Worried microbusiness owners in retail estimate that, despite lockdown now being eased, they have an average of just nine weeks left before they will be forced to stop trading.
New research by Smart Energy GB, which surveyed the owners of 124 retail microbusinesses (firms with less than 10 employees) reveals the devastating financial effects of the pandemic, with three quarters of those polled anxious about how they will keep their business afloat in the coming weeks and months. The biggest concerns for struggling owners are a lack of business, consumer confidence not returning quickly enough and cashflow issues.
While many microbusinesses have now started trading again, more than half (58%) of respondents admitted they had already considered permanently closing their doors because of the pandemic’s impact. To help support microbusinesses during this difficult time, Michelle Ovens MBE, Founder of Small Business Britain, has created some money saving tips which may help towards a healthier bottom line.
Commenting on the current situation, she said: “COVID-19 has been hugely challenging for microbusinesses across Great Britain. As lockdown eases and firms get back to business, many are weighing up their financial situation and focusing on how to recover and move on. Now is therefore a good time to evaluate your business expenditure and identify new ways to save money.
“Everything from negotiating deals with suppliers, through to reviewing business models and shopping around for deals should be on the table. Embracing new technologies such as smart meters, which help you to identify ways to reduce your energy consumption and therefore save money, is another particularly valuable thing to do at this time.”
Understandably, retailers have been keeping an even closer eye on their cash flow, with many taking drastic measures such as not paying themselves (28%), dipping into their personal savings (26%) and taken a personal council tax holiday (14%) to stay afloat. Two in five now also check their finances daily – compared to 21% before the pandemic.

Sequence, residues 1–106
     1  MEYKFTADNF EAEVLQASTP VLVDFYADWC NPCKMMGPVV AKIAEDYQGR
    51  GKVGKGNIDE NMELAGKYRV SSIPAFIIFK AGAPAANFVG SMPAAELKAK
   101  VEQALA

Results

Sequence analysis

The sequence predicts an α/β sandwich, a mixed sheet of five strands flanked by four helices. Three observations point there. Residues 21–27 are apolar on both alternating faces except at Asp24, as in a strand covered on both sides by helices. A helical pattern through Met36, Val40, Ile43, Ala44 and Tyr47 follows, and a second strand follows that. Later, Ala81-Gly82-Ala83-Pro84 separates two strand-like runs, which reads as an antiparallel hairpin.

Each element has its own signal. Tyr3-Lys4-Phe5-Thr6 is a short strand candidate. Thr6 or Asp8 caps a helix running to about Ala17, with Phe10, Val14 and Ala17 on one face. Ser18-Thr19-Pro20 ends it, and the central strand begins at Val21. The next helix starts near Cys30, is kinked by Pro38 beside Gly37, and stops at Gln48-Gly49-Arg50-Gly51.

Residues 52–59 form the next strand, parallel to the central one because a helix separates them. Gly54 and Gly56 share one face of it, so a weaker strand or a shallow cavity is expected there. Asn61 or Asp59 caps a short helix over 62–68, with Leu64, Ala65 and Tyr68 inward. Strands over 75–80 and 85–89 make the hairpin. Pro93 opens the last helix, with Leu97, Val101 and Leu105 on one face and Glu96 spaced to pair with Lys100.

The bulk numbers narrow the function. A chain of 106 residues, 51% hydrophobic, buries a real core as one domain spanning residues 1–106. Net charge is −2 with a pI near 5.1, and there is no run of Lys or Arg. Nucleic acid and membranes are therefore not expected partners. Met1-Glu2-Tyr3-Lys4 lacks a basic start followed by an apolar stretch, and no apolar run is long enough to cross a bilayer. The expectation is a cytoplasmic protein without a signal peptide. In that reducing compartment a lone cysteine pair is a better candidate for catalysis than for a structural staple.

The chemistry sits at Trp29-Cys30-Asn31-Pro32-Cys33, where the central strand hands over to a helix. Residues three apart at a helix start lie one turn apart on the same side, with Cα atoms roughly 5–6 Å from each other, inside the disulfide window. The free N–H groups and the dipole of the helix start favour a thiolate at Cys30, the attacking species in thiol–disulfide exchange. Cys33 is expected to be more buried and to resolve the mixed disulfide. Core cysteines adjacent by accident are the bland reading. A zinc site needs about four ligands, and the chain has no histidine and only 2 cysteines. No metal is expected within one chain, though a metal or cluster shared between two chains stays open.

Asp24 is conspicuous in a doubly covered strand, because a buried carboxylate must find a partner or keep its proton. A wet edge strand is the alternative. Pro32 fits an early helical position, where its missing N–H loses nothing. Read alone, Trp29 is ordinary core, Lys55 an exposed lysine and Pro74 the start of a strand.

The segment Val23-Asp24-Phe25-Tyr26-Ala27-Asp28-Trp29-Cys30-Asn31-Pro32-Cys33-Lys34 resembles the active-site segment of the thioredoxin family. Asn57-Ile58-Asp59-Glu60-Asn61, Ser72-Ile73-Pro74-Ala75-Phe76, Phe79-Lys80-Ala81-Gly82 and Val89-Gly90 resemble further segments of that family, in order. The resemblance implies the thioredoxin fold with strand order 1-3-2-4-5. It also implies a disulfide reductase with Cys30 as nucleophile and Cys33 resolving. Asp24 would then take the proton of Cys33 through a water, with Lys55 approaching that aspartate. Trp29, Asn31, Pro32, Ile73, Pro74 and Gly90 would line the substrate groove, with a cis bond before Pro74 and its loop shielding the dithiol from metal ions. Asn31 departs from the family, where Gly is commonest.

Yet despite this laser-like focus, many admitted that they still estimate their energy costs, despite almost half of retailers (48%) agreeing that having a better understanding of their energy use would give them greater control over their business expenditure. In fact, energy is the second highest cost that microbusiness owners estimate, only behind goods.
Robert Cheesewright, director of corporate affairs at Smart Energy GB, said: “There’s no doubt it’s been an incredibly difficult time for businesses, and particularly for those at the smaller end of the scale. Even though microbusiness owners have taken a forensic approach to their expenditure, and continue to make some difficult cost-cutting measures, energy is still viewed as a cost that can only be estimated.
“One easy step that will give microbusiness owners control back over their energy costs is contacting their energy supplier to see if they are eligible for a smart meter. This will help them keep better track of their energy and give them the information they need to reduce their consumption – in fact, 37% of the retailers surveyed which have had one installed say it has given them a greater understanding of their energy use.”